Jamin is the name of three minor Bible characters.  The first is a son of Simeon, one of Jacob and Leah's sons.

The meaning of the name is "right hand of favor."

According to Wikipedia, the name belongs to American football player  Jamin Elliott (born 1979), American wrestler Jamin Olivencia (born 1985), and American filmmaker, writer, editor and composer Jamin Winans.  


If you've read the Psalms in the King James Version, you'll have seen this word many times inserted in a psalm.

The word is believed to be either a musical mark, a musical interlude or an instruction to pause and think about what's being said.

The Christian singing group Selah pronounces it "SAY-la."  However, actress Sela Ward was named after the Bible word, and her name is pronounced "SEE-la," so it would be a matter of your preference.


Recently in my Bible reading, this woman's name popped up seemingly out of nowhere in a long genealogy (I Chronicles 7:24). Women aren't often mentioned in Bible geneologies, but the text mentions that she built two towns.

The name means "a song" or "poetry."
From this website:
Sheerah was obviously an influential woman, and probably wealthy. She built and established the towns of Upper and Lower Horon.  These towns were built in a strategic location and went on to have a long history.  Sheerah even built a town that bears her name: Uzzen Sheerah.  She was probably a leader of the towns she established.
Sheerah is just one example of a Bible woman who had a prominent position of authority and influence.  And, as with other Bible women with authority, there is no hint that this was inappropriate or improper, or that anyone had a problem with it.
More about Sheerah here.

 The female names Sherah and Serah are also found in the Bible.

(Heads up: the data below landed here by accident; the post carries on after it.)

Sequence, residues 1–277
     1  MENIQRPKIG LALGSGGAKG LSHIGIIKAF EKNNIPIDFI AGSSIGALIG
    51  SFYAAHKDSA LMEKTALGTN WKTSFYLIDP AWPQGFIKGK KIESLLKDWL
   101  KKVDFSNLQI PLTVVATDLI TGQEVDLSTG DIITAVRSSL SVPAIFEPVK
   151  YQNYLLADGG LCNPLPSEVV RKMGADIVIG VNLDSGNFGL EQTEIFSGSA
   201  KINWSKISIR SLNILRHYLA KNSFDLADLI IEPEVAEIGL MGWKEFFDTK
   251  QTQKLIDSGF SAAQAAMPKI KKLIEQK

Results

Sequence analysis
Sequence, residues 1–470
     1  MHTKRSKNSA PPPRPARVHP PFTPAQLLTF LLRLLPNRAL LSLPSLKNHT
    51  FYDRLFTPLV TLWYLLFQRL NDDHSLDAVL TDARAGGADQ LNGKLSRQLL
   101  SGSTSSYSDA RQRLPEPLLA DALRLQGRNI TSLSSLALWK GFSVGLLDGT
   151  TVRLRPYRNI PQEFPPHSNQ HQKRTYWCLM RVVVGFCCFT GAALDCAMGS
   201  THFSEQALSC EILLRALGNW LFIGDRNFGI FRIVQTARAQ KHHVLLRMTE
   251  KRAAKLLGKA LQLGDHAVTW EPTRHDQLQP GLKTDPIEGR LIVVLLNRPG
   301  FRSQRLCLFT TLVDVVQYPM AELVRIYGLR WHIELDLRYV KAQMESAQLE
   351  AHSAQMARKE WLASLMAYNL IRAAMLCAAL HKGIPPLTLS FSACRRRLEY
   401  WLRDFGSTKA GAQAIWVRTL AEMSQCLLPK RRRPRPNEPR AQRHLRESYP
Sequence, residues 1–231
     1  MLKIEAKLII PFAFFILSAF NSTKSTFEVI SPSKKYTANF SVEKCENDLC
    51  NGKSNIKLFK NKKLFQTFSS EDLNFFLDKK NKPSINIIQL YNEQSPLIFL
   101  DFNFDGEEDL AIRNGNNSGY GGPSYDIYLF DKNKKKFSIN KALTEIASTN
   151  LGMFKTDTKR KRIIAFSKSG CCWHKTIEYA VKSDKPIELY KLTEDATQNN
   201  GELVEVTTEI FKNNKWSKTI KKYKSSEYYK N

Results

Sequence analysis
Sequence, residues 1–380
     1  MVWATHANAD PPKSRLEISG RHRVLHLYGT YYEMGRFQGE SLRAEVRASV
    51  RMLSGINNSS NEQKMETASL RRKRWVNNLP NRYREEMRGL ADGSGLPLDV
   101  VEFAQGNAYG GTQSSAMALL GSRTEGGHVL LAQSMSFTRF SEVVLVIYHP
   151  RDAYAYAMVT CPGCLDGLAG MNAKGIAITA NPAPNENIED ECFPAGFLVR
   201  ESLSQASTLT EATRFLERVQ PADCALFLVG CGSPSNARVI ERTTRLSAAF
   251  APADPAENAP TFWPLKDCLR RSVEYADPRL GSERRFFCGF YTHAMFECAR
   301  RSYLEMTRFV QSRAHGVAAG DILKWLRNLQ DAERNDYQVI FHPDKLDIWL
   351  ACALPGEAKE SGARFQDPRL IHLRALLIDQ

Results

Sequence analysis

Shiloh is actually a place name in the Bible, but the name Shiloh has been given to both boys and girls.  

In the United States the name has associations with the Southern United States due to the Battle of Shiloh, a battle during the United States Civil War, and to many towns named Shiloh in southern states, which were usually named after the town in the Bible. 
Brad Pitt and Angelina Jolie named their first biological daughter Shiloh Nouvel.  Men with the name include American actor Shiloh Fernandez and football player Shiloh Keo.

Have you come across, or named your baby, a cool or unique Bible name?  Or do you know of anyone who has these names?  Let me know in my comments!

I'm linking up today with Wake Up Wednesday at Sew Crafty Angel--join the fun!

Tuesday, February 25, 2014

Getting in touch with my inner watercolorist with Waterlogue

A picture I took of Fourth Presbyterian Church in downtown Chicago, transformed by Waterlogue

I love watercolor paintings. So when I discovered this handy phone app, Waterlogue, it was a match made in heaven.  

The app transforms simple photos into lovely watercolor paintings.  

I have found that it works best with scenery, and not necessarily people.  It especially doesn't know what to do with lipstick on people, and it comes across as a blob of color on a person's face.